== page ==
Tuesday, October 23, 2012

Improving a WV river's health by bringing back endangered mussels

Did you think we were through with freshwater mussels? Never! Hear from Barb Douglas, an endangered species biologist with our West Virginia Field Office, on an effort to save endangered mussels from a bridge project and bring them to several sites in other states, including West Virginia. A Pennsylvania biologist shared her perspective last month.

It was a beautiful autumn morning, a perfect day to be out on the Elk River, my favorite river in the state, and doing something I love: restoring populations of endangered mussels.


The WCHS-TV crew tagged along the day these endangered mussels were released. Check out the Healthy Mussels Means Health Rivers eyewitness webcast.
The Elk River has the highest diversity of fish and mussels of any watershed in West Virginia. It’s home to 100 types of fish and 30 types of freshwater mussels, including four endangered mussel species. Populations of many of these species have declined because of poor water quality in the river.

One of those endangered mussels, the northern riffleshell, hadn’t been seen here for almost 20 years. Fortunately, the Allegheny River in Pennsylvania still has a large northern riffleshell population, and our partners there were willing to allow us to transfer some of their mussels out of the path of a new highway bridge and into the Elk River, near an area where they historically occurred.

A view of the Elk River.
The Elk River, near where the endangered northern riffleshell mussels were re-introduced.
Credit: Craig Stihler/WVDNR

A lot of work had to be done before we could move the mussels to their new home. Existing mussel populations at the reintroduction site were monitored for a number of years to make sure that the area would be able to support the new group of northern riffleshell mussels. Then, after the mussels were gathered from Pennsylvania, the Service’s White Sulphur Springs National Fish Hatchery held the mussels at their facility for two weeks to make sure that the mussels were healthy and that no non-native species hitched a ride in the water used to transport the mussels from Pennsylvania to West Virginia.

Our partners with the West Virginia Division of Natural Resources went down to the hatchery and attached miniature PIT (passive integrated transponder) tags onto the shell of each mussel. These small tags are similar to microchips used in dogs and will allow us to monitor the success of the reintroduction.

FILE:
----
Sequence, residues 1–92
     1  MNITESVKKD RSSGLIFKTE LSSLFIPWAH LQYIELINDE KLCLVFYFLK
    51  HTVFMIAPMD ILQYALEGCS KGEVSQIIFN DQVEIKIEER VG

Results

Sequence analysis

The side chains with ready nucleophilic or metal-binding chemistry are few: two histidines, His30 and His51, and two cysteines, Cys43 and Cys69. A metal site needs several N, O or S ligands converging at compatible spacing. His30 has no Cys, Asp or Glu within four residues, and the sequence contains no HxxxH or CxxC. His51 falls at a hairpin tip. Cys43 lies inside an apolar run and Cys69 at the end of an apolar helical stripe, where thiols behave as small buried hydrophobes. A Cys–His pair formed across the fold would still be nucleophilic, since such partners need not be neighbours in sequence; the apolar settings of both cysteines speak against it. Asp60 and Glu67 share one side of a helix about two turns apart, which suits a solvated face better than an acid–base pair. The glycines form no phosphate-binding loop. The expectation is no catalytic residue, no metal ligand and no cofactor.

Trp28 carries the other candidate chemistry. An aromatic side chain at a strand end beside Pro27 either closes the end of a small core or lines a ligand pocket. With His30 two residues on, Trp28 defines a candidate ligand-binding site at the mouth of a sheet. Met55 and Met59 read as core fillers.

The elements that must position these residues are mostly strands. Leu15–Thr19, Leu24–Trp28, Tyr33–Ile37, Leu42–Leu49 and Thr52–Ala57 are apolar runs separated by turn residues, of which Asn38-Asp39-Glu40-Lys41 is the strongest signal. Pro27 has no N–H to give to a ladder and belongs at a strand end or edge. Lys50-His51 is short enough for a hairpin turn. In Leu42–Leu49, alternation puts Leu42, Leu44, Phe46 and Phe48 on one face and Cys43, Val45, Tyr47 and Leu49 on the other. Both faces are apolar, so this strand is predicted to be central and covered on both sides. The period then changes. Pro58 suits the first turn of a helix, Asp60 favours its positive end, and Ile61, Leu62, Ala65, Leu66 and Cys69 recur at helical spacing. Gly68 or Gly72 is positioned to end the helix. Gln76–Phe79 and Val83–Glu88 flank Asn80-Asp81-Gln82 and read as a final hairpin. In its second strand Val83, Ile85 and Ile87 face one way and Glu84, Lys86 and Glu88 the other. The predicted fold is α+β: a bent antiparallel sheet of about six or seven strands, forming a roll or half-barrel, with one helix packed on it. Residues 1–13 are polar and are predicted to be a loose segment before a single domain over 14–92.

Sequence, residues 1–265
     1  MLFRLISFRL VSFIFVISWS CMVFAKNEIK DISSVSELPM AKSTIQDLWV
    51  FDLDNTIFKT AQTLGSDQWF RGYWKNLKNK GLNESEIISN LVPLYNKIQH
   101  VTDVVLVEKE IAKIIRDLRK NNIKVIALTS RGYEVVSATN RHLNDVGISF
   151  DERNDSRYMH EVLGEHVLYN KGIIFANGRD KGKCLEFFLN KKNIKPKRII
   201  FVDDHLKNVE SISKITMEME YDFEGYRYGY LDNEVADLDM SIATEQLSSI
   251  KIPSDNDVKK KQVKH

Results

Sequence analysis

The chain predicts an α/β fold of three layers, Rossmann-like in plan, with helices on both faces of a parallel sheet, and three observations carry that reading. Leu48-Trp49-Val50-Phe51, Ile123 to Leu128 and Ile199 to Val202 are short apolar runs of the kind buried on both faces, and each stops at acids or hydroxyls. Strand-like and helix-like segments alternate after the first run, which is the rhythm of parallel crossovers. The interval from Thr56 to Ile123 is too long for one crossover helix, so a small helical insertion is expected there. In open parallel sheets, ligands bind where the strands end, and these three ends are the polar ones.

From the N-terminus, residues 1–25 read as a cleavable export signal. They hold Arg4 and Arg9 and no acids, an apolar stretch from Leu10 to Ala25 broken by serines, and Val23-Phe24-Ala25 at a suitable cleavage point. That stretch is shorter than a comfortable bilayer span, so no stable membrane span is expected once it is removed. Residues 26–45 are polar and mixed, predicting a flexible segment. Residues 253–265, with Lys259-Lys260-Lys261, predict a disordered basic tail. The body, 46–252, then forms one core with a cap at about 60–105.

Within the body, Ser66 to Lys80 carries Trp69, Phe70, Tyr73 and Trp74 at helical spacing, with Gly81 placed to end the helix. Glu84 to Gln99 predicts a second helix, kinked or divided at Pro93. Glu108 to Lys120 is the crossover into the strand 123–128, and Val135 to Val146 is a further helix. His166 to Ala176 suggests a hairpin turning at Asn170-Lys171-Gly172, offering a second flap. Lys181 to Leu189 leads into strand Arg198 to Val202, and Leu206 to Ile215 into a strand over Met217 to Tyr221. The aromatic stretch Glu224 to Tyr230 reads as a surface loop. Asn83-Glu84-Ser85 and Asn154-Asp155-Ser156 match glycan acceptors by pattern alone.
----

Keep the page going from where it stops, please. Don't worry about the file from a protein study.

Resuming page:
Biologists examine mussels.
West Virginia and U.S. Fish and Wildlife Service biologists check the mussels at the hatchery.
Credit: Craig Stihler/WVDNR.

We will use a special waterproof scanner to find the mussels – even when they are underwater or buried in the bottom of the river – and the PIT tags will emit an electronic signal that will identify the location and identity of each individual mussel. We hope to go back many years from now and find healthy reproducing populations of northern riffleshell living in the Elk River.

A northern riffleshell mussel.
A PIT tag next to a northern riffleshell mussel.
Credit: Craig Stihler/WVDNR
We also hope to find that the entire Elk River ecosystem is healthier. Freshwater mussels help keep the river clean and healthy. They are filter feeders, meaning they eat by filtering their food out of the water, and in the process, the mussels act as natural water filters that clean sediment, organic matter, algae, bacteria and other contaminants out of the water. Nutrients excreted by mussels then serve as food for fish and other invertebrates, and the mussels themselves are a food source for animals such as river otters, muskrats and raccoons.

So rivers with healthy and diverse mussel populations are usually also healthy and safe for other animals – and people too. Sometimes, by restoring one key group of wildlife in the river, we can help restore the entire ecosystem.

Read other posts that explore the importance and restoration of freshwater mussels in the Northeast.

1 comment:

  1. Great to hear that local volunteer watershed groups are working to restore the river and improve fish habitat and recreational opportunities.